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If you're familiar with the world of exchange-traded funds, you know that for seemingly every index of stocks out there, there's at least one corresponding ETF. That's generally good for us investors -- if we like what we see in an index, we can often invest in it easily.
I just learned of an interesting new index -- one that we can expect to see an ETF for in the near future, I'd bet. It's called the ETFI Highly Defensive PerformIdex, and it aims to track companies that are relatively stable -- and big -- thus providing investors some protection against market swoons. Initially, it included around 30 North American companies, but it soon added a bunch from Europe as well.
The initial 30 companies included Procter & Gamble (NYSE: PG ) , CVS Caremark (NYSE: CVS ) , Philip Morris (NYSE: PM ) , and Exelon (NYSE: EXC ) . When expanded, the roster had grown to include Diageo (NYSE: DEO ) , Teva Pharmaceuticals (Nasdaq: TEVA ) , and Vodafone (NYSE: VOD ) . The index holds top dogs in industries such as telecom, consumer staples, utilities, commodities, and health care.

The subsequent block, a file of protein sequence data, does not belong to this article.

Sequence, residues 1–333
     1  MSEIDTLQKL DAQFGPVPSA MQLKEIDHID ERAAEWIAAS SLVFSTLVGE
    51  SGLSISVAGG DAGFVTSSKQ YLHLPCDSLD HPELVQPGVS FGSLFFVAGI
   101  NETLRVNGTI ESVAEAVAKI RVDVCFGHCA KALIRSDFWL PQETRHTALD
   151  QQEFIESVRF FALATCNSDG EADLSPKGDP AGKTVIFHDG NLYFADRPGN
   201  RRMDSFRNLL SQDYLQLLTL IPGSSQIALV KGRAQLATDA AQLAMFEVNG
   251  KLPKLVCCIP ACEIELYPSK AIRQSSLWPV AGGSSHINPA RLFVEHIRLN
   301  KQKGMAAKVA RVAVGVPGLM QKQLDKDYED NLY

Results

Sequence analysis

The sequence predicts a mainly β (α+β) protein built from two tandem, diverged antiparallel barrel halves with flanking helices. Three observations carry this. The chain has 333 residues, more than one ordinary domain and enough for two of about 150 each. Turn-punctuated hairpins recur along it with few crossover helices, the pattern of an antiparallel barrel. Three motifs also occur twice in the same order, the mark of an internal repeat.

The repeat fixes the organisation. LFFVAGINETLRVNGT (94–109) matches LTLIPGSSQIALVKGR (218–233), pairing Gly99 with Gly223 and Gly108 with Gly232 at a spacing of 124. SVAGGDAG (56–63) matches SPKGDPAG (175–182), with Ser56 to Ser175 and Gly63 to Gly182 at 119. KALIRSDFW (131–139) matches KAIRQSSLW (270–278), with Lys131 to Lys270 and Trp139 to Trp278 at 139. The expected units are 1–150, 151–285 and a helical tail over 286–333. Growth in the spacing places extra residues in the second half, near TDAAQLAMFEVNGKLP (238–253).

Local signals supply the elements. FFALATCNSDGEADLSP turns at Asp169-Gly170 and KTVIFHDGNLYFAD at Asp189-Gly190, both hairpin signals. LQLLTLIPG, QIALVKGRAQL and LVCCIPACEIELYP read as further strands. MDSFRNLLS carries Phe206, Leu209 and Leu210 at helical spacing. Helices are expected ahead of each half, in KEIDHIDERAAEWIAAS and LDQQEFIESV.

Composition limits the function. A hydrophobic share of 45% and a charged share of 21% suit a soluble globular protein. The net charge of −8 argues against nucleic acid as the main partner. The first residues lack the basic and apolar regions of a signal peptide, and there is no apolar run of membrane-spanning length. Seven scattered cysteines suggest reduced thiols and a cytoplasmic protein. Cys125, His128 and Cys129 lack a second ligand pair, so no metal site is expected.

The index's beta is a low 0.58, suggesting that the fund should be just over half as volatile as the overall stock market on average.
What to do
Should you snap up shares of this ETF, then? Well, no -- first of all because as far as I know, none are available yet.
What's more, you might think that a collection of large-cap companies meant to defend portfolios would have a sizable dividend yield. Alas, at a recent 3.0%, the average yield for the defensive index is considerably lower than that for dividend-focused investments such as the iShares DJ Dividend (DVY) ETF, at 4.7% -- although that ETF has fallen more over the past year than the PerformIdex.
A final concern for me is that since the PerformIdex companies are so big, with an average market cap north of $70 billion, they may not appreciate too rapidly. (It's hard for elephants to run quickly, after all.)
So if you're interested, keep your eye out for an ETF based on this index -- but also look at dividend payers as defensive plays.